2015 fascicolo I


Dieter Girgensohn, Gregorio XII a Siena: un episodio del Grande Scisma d’Occidente (1407-1408)

Pope Gregory the XII first visited Siena on September 4th, 1407, during a trip that was supposed to culminate in a meeting with his rival, Benedict the XIII. This meeting had been arranged in view of both of the popes’ abdication. This new attempt to end the long running schism had raised great hopes and therefore Gregory was received in Siena with great joy. When he went back to Siena on July 19th 1408, after the failure of the negotiations, the original enthusiasm had cooled down. The rich archival sources present in Siena allow the scholars to consider this particular case as a model for a study on the hospitality reserved for a pope and his curia by a foreign city during the late Middle Ages. Such hospitality included ceremonies of greeting and farewell, attention toward the foreigners’ safety, and measures taken to ensure an abundance of food and the stability of prices and rents.


Emanuele Salerno, Giusnaturalismo e cultura giuspolitica nella Toscana del primo Settecento. Il Discorso sopra la successione della Toscana di Niccolò Antinori (1711)

The article aims to analyze a manuscript on the succession of Tuscany (1711) by the senator and Councilor of State Niccolò Antinori (1663-1722), at present stored at the State Archive of Florence. Antinori’s Discorso is an example of the reception of natural law, and in particular those doctrines of Grotius and Pufendorf on the theory of state foundation and sovereignty. Above all, the text demonstrates the necessity of referring to natural law theorists when the ius commune could not sufficiently support questions related to international relations, and when the ‘despotic’ version of reason of state had to be emended by notions of sovereignty and of the original rights (that is, natural rights) of the people. The arguments and authorities used by Antinori reveal themselves also to be an anticipation and a model for later government-diplomatic memories such as the Mémoire sur la liberté de l’Etat de Florence (1721) and De libertate civitatis Florentiae ejusque dominii (1722). These were issued and addressed to European chancelleries by the ruling class of the Grand Duchy in response to article V of the Quadruple Alliance Treaty of 2 August 1718, to demonstrate the juridical groundlessness of the feudal ordination that Emperor Charles VI wanted to give to the successor sovereign once the Medici dynasty would be extinguished.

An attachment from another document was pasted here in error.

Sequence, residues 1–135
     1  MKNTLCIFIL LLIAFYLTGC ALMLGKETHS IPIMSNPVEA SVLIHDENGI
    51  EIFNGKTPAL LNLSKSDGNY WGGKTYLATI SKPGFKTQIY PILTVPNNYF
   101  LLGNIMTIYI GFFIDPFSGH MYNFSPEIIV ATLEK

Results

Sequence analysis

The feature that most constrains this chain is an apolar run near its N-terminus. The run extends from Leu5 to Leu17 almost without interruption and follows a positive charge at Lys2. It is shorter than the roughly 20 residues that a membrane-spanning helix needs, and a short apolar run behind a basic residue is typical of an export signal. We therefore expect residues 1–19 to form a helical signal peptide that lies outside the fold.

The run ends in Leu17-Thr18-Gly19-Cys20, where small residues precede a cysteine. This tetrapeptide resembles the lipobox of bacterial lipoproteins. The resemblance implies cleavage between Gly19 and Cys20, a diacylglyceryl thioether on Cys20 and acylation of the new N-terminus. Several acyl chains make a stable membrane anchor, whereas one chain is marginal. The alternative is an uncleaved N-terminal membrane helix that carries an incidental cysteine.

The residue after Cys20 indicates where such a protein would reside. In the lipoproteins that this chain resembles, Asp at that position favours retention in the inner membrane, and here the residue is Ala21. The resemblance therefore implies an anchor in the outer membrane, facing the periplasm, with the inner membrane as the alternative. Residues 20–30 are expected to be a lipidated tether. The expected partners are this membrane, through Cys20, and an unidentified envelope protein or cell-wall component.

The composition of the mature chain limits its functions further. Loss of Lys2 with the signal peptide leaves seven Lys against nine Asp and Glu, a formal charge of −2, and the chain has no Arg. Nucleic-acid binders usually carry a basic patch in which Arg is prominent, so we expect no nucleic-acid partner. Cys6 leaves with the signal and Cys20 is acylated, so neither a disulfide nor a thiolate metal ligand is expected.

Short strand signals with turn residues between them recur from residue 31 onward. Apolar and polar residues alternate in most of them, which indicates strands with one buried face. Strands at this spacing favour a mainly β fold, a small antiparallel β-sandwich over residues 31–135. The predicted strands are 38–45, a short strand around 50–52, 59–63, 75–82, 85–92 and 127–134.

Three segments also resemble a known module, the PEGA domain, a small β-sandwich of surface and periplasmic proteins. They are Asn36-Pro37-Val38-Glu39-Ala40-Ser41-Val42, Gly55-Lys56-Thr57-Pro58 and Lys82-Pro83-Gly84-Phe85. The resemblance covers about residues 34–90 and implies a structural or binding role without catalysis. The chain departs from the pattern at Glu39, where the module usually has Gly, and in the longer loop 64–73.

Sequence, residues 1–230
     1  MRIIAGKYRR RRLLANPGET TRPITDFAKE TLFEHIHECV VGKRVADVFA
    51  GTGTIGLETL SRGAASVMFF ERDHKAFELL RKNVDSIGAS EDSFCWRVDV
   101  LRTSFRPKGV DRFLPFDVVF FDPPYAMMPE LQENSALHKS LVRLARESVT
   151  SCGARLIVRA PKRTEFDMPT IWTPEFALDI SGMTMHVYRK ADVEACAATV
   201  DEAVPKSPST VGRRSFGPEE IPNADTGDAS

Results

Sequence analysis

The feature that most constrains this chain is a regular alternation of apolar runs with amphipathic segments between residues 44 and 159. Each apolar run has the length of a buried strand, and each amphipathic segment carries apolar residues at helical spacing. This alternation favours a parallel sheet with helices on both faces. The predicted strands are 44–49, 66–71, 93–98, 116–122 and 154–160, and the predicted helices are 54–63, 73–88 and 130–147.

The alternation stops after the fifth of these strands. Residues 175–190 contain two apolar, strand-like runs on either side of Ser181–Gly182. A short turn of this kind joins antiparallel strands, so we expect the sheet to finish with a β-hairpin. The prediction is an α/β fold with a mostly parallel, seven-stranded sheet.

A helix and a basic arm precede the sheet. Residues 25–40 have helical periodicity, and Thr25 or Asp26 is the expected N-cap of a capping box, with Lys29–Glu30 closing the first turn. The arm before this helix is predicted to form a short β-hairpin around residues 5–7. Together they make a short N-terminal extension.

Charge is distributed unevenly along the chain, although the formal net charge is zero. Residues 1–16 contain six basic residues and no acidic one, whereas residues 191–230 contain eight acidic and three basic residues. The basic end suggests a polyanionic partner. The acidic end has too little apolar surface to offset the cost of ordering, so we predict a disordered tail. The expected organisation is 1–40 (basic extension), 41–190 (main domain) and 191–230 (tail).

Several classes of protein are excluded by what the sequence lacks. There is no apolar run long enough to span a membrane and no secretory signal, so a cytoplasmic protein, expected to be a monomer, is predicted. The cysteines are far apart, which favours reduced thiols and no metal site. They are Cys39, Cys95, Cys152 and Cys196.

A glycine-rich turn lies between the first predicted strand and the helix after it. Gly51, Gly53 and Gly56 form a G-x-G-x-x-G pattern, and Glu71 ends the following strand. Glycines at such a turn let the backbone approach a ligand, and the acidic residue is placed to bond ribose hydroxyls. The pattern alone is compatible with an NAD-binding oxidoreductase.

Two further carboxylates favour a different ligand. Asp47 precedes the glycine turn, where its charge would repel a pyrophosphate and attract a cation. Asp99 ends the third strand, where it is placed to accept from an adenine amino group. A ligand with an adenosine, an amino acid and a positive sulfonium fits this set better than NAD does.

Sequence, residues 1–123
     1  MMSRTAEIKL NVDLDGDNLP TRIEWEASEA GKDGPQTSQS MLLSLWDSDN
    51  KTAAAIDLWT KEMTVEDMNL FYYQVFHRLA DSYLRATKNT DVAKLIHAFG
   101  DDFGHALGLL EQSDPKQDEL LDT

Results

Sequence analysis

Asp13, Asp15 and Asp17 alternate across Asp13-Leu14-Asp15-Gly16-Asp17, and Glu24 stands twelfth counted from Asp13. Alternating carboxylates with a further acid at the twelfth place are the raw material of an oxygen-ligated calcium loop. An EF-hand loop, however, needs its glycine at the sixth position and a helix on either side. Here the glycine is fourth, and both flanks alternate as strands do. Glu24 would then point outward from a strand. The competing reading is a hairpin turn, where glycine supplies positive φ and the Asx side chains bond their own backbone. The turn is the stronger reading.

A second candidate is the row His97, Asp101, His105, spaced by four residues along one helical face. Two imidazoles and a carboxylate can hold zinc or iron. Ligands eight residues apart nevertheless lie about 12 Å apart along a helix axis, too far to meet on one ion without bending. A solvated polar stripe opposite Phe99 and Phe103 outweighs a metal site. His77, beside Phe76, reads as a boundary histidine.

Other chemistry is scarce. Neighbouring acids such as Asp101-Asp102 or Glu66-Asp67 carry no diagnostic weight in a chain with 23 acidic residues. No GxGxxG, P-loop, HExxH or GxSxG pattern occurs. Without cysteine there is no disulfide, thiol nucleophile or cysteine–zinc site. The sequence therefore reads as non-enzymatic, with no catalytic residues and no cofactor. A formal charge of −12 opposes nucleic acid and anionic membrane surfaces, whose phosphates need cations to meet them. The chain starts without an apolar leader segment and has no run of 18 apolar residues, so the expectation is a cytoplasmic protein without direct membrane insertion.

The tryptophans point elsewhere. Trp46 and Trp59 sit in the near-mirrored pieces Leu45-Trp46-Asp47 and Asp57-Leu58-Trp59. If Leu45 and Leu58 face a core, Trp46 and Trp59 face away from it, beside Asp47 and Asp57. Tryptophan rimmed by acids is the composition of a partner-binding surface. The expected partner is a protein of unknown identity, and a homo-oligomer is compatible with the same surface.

Stefano Ferrari, Il Nachlaß italiano di Winckelmann: bilancio storiografico e nuove prospettive di ricerca

In 1768, in the hours preceding his death, Winckelmann appointed Cardinal Alessandro Albani sole heir of all his manuscripts and books existing at that time in Rome. Before their requisition by French authorities in 1798, Pio Fantoni, a personal friend of both the art historian and the Roman cardinal, came into possession of a significant portion of these items. He gave part of them to his friend Giovanni Cristofano Amaduzzi, through which they subsequently reached the Library of Savignano sul Rubicone. Other materials he bequeathed to his niece Giulia Paillot and her husband, the lawyer Alessandro Rivani; and was Rivani that allocated them to the «Colombaria» Academy in Florence.